Signup for e-news at WI Sea Grant: https://www.seagrant.wisc.edu/sign-up-for-enews/

An Audit of Municipal Codes and Ordinances to Tackle Barriers to Green Infrastructure

Wisconsin Coastal Resilience (CALM) a Lake Michigan-wide project is connecting the resilience efforts in Southeastern Wisconsin to those in Wisconsin’s Green Bay and Northeastern coastal communities to regionally prioritize and address coastal hazards.

Ask the Expert at WI Sea Grant

Sign up for WI Sea Grant enews

Phone Number: (608) 267-7982

Project Staff:

Michael Friis, Program Manager, Public Access, Wetland Protection, and Land Use Planning Coordinator
Kathleen Angel, Federal Consistency and Coastal Hazards Coordinator
Lydia Salus, Project Coordinator

Michigan Sea Grant

Michigan Sea Grant is a cooperative program of the University of Michigan, Michigan State University, and the National Oceanic and Atmospheric Administration to fund research, education, and outreach projects designed to foster science-based decisions about the use and conservation of Great Lakes resources.

Resilient Coastal Communitieseducational resources for community leaders on natural infrastructure, habitat protection, and restoration solutions.

Water Schoolfree, online, self-paced courses for local elected and appointed officials for elected and appointed officials increase their knowledge about water management and gain access to tools and resources to help impact their local economy. (Coming in 2024)

Upwellings Newsletter – reporting on Great Lakes research and education since 1976.

Join the MI Sea Grant Mailing List

Ann Arbor office, University of Michigan, Phone: (734) 764-8678

East Lansing office, Michigan State University Extension, Phone: (517) 353-9748

[email protected]

Green Infrastructure Leadership Exchange

Green Infrastructure Leadership Exchange a project of the Global Philanthropy Partnership, seeks to activate local governments and water agencies in the U.S. and Canada to implement green stormwater infrastructure equitably.

Exchange Green Infrastructure Library

Equity Guide for Green Stormwater Infrastructure Practitioners offers a comprehensive guide to advancing and measuring equity within public sector stormwater management organizations’ green stormwater infrastructure policies, programs, and projects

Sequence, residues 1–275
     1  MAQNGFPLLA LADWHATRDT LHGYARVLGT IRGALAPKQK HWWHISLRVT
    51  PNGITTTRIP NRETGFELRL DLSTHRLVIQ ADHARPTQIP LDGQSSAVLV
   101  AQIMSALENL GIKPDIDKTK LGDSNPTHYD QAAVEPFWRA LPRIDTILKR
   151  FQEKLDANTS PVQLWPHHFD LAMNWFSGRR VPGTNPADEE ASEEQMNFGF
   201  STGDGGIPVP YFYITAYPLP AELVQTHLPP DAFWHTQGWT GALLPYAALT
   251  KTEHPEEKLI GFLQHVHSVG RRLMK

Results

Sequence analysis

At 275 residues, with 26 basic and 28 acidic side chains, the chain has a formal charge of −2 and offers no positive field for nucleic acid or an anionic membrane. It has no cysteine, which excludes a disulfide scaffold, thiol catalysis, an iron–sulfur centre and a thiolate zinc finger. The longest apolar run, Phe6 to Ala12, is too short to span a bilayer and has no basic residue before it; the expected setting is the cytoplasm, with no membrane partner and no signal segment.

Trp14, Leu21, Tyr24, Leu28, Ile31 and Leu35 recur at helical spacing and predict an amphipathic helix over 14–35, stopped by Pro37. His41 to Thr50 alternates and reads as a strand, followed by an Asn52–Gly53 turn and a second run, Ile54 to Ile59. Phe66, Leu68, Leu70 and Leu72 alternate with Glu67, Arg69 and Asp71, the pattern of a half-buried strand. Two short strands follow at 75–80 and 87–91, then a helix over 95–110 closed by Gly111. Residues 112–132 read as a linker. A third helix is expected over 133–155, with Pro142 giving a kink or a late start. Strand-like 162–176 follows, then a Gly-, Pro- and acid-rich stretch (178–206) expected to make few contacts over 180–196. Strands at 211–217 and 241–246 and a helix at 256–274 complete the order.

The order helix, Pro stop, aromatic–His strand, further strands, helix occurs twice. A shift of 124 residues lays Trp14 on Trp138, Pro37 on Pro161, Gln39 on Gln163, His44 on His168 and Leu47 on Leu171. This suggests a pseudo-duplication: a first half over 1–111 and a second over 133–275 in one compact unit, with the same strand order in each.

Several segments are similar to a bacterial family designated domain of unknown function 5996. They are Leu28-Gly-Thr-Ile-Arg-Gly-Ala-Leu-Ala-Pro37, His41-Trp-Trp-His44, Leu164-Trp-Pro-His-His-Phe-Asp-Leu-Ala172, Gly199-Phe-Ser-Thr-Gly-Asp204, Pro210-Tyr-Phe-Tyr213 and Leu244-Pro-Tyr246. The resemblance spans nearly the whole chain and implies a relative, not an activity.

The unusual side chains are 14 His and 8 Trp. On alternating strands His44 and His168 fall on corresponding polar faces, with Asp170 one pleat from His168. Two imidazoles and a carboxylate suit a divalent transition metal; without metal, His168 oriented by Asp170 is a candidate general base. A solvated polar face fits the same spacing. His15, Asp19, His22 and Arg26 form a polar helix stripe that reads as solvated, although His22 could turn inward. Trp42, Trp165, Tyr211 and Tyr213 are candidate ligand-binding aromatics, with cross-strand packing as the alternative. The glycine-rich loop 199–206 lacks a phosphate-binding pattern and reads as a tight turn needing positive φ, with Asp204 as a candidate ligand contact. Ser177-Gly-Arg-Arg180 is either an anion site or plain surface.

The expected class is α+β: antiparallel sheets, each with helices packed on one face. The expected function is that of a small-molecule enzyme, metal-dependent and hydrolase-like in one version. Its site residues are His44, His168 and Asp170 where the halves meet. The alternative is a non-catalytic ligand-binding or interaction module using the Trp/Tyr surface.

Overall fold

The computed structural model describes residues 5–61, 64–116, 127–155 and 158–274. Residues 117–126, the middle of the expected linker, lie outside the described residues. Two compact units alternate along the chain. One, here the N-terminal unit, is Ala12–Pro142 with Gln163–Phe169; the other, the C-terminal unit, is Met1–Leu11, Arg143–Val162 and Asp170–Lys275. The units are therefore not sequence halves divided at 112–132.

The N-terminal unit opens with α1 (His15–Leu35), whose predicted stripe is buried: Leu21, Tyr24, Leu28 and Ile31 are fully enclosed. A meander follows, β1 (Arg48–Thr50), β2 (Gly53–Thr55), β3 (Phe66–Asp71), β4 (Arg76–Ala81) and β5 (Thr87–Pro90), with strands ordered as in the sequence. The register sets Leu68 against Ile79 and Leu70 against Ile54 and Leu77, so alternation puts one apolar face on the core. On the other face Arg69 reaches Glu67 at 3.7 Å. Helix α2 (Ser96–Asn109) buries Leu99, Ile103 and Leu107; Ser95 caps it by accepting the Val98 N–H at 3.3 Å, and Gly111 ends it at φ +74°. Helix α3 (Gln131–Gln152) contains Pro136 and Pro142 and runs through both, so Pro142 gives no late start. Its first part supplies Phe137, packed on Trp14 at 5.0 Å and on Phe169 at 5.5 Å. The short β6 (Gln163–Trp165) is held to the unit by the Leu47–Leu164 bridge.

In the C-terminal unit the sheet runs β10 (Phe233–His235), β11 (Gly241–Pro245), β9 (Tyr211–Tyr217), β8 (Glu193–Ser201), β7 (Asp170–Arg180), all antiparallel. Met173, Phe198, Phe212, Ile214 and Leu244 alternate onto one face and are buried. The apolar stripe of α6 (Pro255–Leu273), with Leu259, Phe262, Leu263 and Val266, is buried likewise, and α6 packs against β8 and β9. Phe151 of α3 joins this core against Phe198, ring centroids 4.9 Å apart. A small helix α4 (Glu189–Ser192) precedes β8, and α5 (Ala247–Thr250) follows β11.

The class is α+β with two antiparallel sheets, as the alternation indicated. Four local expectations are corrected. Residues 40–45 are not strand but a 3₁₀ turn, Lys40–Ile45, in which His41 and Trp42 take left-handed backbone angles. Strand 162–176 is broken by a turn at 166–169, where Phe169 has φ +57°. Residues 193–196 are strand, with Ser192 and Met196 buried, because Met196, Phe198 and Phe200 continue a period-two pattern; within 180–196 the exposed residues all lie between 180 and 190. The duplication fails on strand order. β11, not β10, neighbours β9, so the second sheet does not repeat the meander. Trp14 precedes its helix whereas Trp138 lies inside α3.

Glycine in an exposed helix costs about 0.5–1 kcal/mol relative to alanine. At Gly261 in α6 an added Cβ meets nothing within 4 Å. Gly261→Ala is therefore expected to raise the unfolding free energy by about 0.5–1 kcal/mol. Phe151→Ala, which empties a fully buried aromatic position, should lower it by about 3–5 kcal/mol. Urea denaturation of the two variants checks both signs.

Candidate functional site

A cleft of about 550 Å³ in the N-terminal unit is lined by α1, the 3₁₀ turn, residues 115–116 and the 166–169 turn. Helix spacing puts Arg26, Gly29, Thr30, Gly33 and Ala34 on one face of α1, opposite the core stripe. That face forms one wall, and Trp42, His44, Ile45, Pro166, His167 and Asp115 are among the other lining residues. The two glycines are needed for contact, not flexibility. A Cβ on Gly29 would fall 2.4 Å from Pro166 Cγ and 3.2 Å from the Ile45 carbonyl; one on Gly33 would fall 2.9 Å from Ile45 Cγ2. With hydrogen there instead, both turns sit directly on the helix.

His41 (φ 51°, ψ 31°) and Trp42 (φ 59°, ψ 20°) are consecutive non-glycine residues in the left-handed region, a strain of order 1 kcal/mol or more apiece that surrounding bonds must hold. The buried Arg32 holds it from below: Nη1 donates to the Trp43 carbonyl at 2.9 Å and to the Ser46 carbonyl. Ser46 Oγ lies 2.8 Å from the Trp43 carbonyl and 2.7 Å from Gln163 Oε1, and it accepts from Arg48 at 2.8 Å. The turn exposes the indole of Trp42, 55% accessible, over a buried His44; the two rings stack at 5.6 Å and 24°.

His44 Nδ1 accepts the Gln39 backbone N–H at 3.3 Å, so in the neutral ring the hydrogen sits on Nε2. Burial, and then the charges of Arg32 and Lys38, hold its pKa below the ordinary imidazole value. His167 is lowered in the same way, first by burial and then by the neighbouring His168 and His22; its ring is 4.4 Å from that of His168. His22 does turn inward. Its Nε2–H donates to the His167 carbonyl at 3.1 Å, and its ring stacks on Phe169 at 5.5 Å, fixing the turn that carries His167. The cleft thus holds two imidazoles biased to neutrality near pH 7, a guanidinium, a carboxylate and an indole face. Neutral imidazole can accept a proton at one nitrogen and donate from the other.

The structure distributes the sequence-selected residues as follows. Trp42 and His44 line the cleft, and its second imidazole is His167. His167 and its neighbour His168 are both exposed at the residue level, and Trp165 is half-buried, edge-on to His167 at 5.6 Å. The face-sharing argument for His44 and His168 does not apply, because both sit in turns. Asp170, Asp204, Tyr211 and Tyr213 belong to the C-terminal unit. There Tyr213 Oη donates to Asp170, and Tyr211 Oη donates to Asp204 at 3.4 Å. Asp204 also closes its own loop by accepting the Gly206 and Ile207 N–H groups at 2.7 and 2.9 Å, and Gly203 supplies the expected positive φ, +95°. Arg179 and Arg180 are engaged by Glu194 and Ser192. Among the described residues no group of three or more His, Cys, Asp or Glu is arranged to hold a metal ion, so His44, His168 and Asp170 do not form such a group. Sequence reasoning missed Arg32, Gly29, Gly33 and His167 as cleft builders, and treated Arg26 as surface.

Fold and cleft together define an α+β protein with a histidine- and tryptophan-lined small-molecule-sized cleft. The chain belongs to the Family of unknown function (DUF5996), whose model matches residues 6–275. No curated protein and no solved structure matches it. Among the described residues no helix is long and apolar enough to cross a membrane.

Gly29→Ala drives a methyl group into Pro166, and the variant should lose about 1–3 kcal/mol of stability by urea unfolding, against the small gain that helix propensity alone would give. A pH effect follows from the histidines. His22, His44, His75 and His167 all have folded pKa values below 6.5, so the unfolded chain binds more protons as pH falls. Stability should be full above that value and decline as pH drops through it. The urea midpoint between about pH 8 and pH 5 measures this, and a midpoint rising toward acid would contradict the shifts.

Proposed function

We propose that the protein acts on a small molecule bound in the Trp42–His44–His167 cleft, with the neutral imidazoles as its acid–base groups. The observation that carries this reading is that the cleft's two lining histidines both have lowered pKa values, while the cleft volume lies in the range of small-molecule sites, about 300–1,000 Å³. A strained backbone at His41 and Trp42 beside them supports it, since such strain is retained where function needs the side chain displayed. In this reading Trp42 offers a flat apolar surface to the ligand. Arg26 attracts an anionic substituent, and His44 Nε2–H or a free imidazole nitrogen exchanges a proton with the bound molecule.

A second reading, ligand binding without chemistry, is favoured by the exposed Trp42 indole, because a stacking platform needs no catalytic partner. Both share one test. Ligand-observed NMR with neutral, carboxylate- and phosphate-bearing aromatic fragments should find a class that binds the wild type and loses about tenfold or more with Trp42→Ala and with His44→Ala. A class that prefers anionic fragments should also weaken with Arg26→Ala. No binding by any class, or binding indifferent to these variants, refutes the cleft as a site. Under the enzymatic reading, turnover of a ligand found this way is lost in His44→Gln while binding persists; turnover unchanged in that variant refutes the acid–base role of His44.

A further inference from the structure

Peer Learning at the Exchange

Become a Member of the Exchange

Additional Resources

Check out some additional mapping and demographics resources that can help you identify community challenges and stakeholders.

MiEJScreen

MiEJScreen: Environmental Justice Screening Tool an interactive screening tool that identifies Michigan communities that may be disproportionately impacted by environmental hazards by exploring environmental, health, and socioeconomic conditions within a specific community, region, or across the entire state.

EJScreen

EJScreen: Environmental Justice Screening and Mapping Tool is an Environmental Protection Agency (EPA) tool that combines nationally consistent data on environmental and demographic indicators in order to better meet the Agency’s responsibilities related to the protection of public health and the environment.

Climate and Economic Justice Screening Tool

Climate and Economic Justice Screening Tool is an interactive map developed by the Council on Environmental Quality (CEQ) to help identify communities that are disadvantaged because they are overburdened and underserved. The tool uses datasets that are indicators of burdens in eight categories: climate change, energy, health, housing, legacy pollution, transportation, water and wastewater, and workforce development. Federal agencies will use the tool to help identify disadvantaged communities that will benefit from programs included in the Justice40 Initiative that seeks to deliver 40% of the overall benefits of investments in climate, clean energy, and related areas to disadvantaged communities.

FEMA Coastal Floodplain Mapping

FEMA Coastal Floodplain Mapping provides a tutorial on how coastal risks are shown on Flood Insurance Rate Maps (FIRMs, or flood maps).